The board comprised nine members, whose attendance, poor in the early years, was said in 1894 to have been lately improved. The number was then increased to twelve. (fn. 25) It met in hired rooms until the winter of 1891-2, when it moved into Cherington House, which it had purchased a few months before. (fn. 26) The completion and enlargement of the drainage system and sewage works, and the making of by-laws about building were the primary tasks of the board. (fn. 27) Despite some efforts neither it nor the council which succeeded it provided an isolation hospital, but they managed to secure facilities at those of other authorities nearby. In the same way, when the arrangements originally made by the burial board for the use of the St. George's, Hanover Square (now City of Westminster), cemetery were no longer practicable, the council made arrangements for the use of a private burial ground in Greenford. Town planning was discussed in 1911 but no scheme was adopted. The council was not, however, inactive: it opened its first recreation ground (Churchfields) in 1898, (fn. 28) and had 34 acres of parks by 1926, as well as 749 allotments. (fn. 29) The Carnegie public library next to the municipal offices was opened in 1905. In 1917 the council took over an existing day nursery at no. 44, Uxbridge road, to be a crèche for the children of munition-workers, and continued to maintain it until after the war. (fn. 30) The council built 122 houses and flats in Townholme Crescent under the Housing Act of 1919, and it later started another estate of 30 houses in Montague Road and Cambridge Road, which was completed by the borough of Ealing after 1926. (fn. 31) The inhabitants of Hanwell favoured the amalgamation with Ealing which took place in 1926. Relations between the two councils were friendly, and Hanwell people already used the baths as well as the isolation hospital of the larger authority, since Hanwell was too small to be able to afford similar facilities. (fn. 32) By that date the council's two original committees had grown to nine and the staff had increased from seven to about twenty: the treasurer remained part-time throughout, (fn. 33) and the medical officer of health was in later years shared with Ealing. (fn. 34) For some time before 1926 the council had a strong Labour minority, chiefly from the West Central and South wards. Most of the members in the last years, however, belonged to the Ratepayers' Protection Association. (fn. 35)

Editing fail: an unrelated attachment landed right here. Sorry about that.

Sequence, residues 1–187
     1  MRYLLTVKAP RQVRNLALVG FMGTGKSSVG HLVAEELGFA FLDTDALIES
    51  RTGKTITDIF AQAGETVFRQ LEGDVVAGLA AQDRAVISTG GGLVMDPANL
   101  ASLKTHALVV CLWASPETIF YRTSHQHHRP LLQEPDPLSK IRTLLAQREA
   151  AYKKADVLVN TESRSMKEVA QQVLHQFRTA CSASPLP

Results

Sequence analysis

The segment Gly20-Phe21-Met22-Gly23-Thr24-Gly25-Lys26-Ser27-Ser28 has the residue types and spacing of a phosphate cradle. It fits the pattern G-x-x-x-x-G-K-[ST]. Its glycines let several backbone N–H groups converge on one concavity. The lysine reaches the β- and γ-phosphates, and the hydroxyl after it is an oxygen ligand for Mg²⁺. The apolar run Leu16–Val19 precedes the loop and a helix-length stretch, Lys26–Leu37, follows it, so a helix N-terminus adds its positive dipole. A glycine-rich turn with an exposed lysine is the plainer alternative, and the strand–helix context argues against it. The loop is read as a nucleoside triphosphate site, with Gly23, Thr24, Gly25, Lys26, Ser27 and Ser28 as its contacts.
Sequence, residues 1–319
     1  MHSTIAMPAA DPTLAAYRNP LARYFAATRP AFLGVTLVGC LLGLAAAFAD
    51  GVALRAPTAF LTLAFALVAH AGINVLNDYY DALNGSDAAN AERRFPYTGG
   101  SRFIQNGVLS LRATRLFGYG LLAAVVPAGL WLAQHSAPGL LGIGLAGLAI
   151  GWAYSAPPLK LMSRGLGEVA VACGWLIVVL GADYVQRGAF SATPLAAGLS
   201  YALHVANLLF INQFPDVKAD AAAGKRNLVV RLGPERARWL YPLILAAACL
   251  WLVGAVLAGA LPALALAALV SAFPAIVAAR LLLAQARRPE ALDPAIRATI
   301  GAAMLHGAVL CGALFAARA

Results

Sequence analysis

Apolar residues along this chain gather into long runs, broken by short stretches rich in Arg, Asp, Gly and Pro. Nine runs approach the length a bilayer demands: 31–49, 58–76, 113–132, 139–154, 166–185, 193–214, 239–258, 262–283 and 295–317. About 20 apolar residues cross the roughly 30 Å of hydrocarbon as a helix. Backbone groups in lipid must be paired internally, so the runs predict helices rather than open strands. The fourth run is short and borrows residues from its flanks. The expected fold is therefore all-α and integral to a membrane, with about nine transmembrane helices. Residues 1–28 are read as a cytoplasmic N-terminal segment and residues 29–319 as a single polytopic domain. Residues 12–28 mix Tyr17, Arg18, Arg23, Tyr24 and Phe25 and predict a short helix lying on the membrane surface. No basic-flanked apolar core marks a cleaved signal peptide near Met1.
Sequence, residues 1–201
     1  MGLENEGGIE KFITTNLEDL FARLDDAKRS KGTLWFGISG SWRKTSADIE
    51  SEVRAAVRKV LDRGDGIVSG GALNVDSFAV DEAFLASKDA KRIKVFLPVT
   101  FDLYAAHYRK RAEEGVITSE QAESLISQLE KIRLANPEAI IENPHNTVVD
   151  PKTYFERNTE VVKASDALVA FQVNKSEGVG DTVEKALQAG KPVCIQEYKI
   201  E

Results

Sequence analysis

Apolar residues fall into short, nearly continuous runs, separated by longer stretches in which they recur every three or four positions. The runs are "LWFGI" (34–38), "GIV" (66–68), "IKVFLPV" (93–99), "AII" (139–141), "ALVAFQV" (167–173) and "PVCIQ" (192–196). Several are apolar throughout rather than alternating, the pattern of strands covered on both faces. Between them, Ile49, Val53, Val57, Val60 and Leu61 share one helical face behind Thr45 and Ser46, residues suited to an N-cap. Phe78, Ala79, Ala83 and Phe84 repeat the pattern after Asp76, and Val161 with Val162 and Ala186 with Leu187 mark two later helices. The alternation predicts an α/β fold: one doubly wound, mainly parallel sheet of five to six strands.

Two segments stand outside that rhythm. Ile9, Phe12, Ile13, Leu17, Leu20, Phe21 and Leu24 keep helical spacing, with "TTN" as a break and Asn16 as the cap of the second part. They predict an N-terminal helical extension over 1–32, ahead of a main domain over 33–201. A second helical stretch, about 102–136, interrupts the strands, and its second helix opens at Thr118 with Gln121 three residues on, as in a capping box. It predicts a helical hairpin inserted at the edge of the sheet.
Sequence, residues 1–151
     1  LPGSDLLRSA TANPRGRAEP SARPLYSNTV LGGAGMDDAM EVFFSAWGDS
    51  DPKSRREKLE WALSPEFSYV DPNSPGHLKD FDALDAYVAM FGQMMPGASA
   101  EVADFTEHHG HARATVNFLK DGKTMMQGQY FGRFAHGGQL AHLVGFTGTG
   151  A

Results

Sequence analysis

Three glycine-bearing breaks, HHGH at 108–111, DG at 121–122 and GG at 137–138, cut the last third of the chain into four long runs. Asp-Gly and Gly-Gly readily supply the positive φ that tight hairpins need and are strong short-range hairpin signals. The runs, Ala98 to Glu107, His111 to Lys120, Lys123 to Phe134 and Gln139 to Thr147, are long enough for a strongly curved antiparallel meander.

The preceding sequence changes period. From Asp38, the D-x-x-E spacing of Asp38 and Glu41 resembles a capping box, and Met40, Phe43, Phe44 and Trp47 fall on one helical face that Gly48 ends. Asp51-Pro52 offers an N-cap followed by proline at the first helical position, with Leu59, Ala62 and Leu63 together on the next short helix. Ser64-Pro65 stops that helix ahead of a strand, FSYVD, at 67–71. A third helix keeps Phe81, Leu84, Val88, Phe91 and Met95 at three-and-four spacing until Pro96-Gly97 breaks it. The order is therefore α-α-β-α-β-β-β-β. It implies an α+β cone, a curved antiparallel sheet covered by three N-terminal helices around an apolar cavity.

A school board of seven members was formed in in 1899 and the clerk to the council acted as its clerk, but its functions were transferred under the Act of 1902 to the county council, not to the urban district council. (fn. 36)